BACKGROUND: Adults who have experienced cardiac events have a high burden of smoking and are likely to continue post cardiac event. Research in this population suggests that smoking cessation services offered to this population can reduce the re-occurrence of cardiac events by assisting patients in cessation. However, few cardiology clinics offer smoking cessation services and few cardiologists refer patients to such services. The Smoking Cessation Clinic (SCC) provides evidence-based smoking cessation treatment within Cardiology services in Vancouver General Hospital in Vancouver, Canada. The aim of this study was to evaluate the SCC program in terms of its program engagement and smoking cessation/reduction outcomes.

METHODS: This observational study employed a retrospective chart review to examine pilot smoking cessation/reduction outcomes among individuals (N=115) attending the SCC within a two-year period. Within the two-year pilot review period, 81.7% (94/115) of participants engaged in the treatment. Information collected from participant charts included demographics (gender, age, source of income) tobacco use (number of cigarettes smoked per day, age at smoking initiation) and cessation (evidence based modalities used to quit in the past, length of time abstinent at last quit attempt) history, motivation to quit (confidence and importance of quitting, stage of change), nicotine dependence (based on Fagerstrom Test for Nicotine Dependence), psychiatric and medical co-morbidities, and expired carbon monoxide level (exp CO level). The main outcome was smoking cessation based on 7-day point prevalence of abstinence (verified by CO < 8 parts per million and/or self-report) at the end of treatment. A secondary aim was smoking reduction defined as reduction to 50% or less of baseline cigarette consumption.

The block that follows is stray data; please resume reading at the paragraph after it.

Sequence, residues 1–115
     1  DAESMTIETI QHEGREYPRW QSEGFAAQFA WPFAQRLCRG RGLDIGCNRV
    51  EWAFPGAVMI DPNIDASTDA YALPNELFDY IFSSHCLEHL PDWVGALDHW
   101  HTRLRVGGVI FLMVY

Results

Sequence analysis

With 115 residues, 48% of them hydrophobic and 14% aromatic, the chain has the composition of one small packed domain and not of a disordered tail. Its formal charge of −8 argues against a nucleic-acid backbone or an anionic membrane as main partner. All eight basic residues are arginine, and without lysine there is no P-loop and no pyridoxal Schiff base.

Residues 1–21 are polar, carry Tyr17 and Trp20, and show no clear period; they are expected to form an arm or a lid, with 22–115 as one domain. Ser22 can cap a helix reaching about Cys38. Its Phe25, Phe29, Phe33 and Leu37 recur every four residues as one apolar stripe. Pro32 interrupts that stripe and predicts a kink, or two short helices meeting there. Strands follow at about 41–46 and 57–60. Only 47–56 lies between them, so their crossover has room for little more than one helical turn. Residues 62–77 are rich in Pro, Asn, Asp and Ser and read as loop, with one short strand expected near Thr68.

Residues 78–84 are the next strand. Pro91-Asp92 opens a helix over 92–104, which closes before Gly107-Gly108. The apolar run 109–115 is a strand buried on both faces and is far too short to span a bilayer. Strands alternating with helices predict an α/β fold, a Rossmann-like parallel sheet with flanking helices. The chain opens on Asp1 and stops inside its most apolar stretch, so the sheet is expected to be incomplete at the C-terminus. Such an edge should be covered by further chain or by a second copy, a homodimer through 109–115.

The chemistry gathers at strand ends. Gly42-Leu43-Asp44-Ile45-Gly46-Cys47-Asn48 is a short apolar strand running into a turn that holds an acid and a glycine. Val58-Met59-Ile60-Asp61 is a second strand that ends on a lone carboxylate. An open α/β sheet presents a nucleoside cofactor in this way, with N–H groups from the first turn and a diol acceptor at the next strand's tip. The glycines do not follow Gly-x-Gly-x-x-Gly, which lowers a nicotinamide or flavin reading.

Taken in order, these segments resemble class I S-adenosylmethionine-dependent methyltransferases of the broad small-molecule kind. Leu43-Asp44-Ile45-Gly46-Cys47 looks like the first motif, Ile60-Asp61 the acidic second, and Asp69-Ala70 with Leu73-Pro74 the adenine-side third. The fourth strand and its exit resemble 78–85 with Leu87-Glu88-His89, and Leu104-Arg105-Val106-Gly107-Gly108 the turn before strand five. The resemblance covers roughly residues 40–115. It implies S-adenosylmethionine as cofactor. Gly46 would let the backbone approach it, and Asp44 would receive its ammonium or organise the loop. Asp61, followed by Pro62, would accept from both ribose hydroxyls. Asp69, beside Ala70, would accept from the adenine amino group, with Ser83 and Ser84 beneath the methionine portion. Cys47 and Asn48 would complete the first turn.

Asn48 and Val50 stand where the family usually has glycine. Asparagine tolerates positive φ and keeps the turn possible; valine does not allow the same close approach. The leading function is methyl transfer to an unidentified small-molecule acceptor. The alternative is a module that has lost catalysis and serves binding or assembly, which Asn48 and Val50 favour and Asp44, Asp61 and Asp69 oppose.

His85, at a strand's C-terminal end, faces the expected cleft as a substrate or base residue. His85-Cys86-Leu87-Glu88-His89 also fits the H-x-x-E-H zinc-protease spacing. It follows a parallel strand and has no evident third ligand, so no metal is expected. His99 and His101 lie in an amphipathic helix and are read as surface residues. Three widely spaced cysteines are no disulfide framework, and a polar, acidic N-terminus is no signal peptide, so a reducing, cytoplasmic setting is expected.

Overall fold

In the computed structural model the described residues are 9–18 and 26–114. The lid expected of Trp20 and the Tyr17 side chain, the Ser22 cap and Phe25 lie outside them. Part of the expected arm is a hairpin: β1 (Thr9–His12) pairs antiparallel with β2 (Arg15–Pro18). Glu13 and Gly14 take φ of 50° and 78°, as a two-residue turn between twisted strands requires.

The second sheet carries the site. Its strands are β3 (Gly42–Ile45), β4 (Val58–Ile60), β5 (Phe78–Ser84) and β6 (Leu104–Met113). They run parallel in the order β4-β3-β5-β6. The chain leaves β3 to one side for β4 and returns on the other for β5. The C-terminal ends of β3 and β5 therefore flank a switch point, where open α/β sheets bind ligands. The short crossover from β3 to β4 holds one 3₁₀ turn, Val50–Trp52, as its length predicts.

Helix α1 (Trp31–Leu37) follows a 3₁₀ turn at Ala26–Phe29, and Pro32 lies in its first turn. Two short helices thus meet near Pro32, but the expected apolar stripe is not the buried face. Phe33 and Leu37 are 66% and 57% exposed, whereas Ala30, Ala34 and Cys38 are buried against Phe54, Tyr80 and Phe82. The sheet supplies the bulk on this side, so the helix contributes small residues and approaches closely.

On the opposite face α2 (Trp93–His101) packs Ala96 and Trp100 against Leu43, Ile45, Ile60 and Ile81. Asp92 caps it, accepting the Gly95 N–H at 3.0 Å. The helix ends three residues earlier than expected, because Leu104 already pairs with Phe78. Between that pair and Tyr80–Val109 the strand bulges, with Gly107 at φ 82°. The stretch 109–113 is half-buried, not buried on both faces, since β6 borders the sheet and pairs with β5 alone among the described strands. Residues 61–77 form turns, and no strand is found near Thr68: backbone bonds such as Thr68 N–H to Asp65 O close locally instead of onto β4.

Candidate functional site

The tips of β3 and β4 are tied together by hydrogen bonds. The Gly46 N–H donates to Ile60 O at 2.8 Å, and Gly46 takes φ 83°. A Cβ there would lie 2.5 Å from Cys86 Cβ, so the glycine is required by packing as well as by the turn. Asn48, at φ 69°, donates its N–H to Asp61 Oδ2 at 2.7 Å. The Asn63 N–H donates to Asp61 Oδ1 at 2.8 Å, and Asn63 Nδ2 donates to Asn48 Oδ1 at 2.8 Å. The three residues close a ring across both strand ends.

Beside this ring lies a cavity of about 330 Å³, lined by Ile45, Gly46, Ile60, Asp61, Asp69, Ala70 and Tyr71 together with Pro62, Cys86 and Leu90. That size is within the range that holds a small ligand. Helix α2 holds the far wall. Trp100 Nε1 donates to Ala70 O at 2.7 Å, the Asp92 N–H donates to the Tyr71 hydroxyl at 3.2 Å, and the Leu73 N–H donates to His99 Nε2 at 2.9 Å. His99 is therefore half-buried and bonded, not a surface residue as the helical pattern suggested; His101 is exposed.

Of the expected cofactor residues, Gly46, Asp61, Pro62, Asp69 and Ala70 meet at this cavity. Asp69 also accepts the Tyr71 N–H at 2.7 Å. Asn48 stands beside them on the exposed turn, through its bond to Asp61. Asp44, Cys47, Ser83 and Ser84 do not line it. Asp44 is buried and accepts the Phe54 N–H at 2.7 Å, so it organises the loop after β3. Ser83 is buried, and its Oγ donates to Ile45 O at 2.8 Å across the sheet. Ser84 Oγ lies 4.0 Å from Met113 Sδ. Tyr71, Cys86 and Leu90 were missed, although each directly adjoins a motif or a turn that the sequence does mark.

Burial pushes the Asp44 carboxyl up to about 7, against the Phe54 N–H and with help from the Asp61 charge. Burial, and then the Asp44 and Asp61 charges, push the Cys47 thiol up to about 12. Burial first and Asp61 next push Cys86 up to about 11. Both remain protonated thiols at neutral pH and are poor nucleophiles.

RESULTS: Among engagers, 36.2% (34/94) successfully achieved smoking cessation and 41.7% (25/60) of those who did not achieve cessation reduced their consumption. Significant multivariate predictors of program engagement included older age (OR=1.0, 95% CI=1.0-1.1), greater importance of quitting (OR=1.3, 95% CI=1.1-1.6), and a greater number of medical co-morbidities (OR=1.7, 95% CI=1.0-3.0). Significant multivariate predictors of successfully achieving cessation included being male (OR=3, 95% CI=1.0-13.6) and spending a longer duration (in weeks) in the program (OR=1.1, 95% CI=.71.0-1.1).

CONCLUSIONS: Despite the inherent limitations of this retrospective analysis, the modest smoking cessation and reduction outcomes from this pilot study suggest that providing individualized, evidence-based tobacco treatment services is well received by patients in cardiology services. Such smoking cessation interventions can aid in reducing the high burden of tobacco use and related disease among individuals with cardiac co-morbidities.

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A presentation at the Asian Pacific Conference on Tobacco or Health in Chiba, Japan.